Objective: Provide the luxury of personal aircraft ‘to more than just the one per cent’August 3, 2015 9:00
Kuwait ‘not’ calling
In 16 years, Kuwait has made only 50,000 people its nationals, many of who are Bedoons or stateless people. Why is that?
December 16, 2008 8:01 by Aarti Nagraj
The report states that the biggest push came in 2001, when the government nationalized 1,000 people at one time. Between 2002 and 2004, it stopped briefly before starting the process again in 2005. This year, 556 people have become Kuwaitis to date.
The numbers are not surprising, considering the country’s strict laws for nationalization. Birth within the territory of Kuwait does not automatically confer citizenship, even if the child’s parents have been expatriates for several years in the country.
A foreign woman who marries a citizen of Kuwait can become a citizen only after 15 years of residency. A foreign man who marries a Kuwaiti woman is not eligible for citizenship.
Like the other GCC countries, many of which are home to stateless people, Kuwait also has many ‘Bedoon’. The word means “without” in Arabic, and refers to people with no nationality.
The Bedoon hardly have any rights; they must pay to obtain any official documentation including permission to marry, birth and death certificates and drivers licenses. They cannot own property. And if a Bedoon man marries a Kuwaiti woman, their children are Bedoon, and hence cannot become Kuwait’s citizens.
In 2000, the Kuwaiti parliament amended a law that allowed around 8,000 Bedoon to become nationals if they satisfied some rules, such as proving that they were stated in the population statistics of Kuwait in 1965.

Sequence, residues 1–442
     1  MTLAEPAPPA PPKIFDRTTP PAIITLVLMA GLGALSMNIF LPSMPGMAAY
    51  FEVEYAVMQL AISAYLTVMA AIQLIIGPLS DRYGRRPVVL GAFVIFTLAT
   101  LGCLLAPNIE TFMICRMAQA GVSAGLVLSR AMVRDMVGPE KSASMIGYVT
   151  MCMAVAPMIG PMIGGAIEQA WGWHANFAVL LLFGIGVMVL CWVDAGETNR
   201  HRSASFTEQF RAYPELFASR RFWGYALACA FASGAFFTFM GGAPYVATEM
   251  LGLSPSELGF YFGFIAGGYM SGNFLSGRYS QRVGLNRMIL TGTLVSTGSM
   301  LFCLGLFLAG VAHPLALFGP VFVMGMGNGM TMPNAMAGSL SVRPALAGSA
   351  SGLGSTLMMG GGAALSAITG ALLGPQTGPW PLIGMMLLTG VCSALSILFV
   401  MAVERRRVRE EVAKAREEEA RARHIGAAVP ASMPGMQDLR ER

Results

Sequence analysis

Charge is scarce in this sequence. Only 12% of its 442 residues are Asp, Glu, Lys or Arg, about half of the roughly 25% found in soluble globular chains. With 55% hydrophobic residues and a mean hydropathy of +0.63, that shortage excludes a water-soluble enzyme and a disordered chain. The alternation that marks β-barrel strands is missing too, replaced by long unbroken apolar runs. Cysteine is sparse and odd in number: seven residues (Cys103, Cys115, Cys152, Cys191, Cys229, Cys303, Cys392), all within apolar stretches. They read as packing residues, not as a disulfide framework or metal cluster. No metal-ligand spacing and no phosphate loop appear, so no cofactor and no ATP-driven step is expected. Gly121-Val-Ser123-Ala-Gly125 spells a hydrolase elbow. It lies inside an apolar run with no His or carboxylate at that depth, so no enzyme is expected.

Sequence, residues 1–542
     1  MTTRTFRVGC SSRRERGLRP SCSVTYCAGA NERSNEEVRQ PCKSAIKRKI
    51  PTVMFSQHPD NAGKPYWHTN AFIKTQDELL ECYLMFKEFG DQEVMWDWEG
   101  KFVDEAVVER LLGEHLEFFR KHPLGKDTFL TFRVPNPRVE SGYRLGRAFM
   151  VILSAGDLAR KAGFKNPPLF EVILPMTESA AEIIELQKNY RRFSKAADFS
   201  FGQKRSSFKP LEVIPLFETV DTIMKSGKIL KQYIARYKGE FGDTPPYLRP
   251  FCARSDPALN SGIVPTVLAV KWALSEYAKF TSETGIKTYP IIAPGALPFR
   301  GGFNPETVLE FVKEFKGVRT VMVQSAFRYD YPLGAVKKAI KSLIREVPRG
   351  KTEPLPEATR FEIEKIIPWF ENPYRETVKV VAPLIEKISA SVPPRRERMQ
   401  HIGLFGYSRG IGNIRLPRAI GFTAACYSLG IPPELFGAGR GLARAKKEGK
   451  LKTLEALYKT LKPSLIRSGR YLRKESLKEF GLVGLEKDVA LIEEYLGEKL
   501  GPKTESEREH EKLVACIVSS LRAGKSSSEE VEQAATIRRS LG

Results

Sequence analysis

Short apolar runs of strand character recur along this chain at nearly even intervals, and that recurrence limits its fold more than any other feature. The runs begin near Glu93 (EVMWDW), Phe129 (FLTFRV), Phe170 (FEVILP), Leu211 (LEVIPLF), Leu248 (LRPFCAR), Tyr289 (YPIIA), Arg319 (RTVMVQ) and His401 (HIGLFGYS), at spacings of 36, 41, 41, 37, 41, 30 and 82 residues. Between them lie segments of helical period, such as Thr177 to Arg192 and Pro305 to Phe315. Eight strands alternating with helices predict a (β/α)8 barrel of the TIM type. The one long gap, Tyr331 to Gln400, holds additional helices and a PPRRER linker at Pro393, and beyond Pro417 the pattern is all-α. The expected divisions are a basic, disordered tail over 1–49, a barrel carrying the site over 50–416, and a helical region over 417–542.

That may explain why 2001 witnessed the largest number of nationalizations. But there have been several other amendments since then; in 2007, the Kuwaiti National Assembly Committee for Interior and Defense Affairs further amended the Kuwaiti citizenship law to grant citizenship to a foreign divorcee or widow of a Kuwaiti citizen, provided she has at least one child from her Kuwaiti husband.
And according to reports, the government recently agreed to grant citizenship to Bedoon families who are relatives of martyrs. Officials at the Martyrs Office reportedly held a series of talks with the Kuwaiti Interior Ministry undersecretary, which led to a final nod after thorough scrutiny and investigations into the files of these families.
The latest report indicates that 80 percent of those given citizenship were Bedoon, while the other 20 percent included the husbands of Kuwaiti women and their sons in addition to the sons of widows, and Kuwaiti divorcees.
While Kuwait does seem to be taking some steps in the direction of making more residents become citizens, why has there not been a stronger push in this direction? Shouldn’t Kuwait offer its Bedoons a sense of belonging?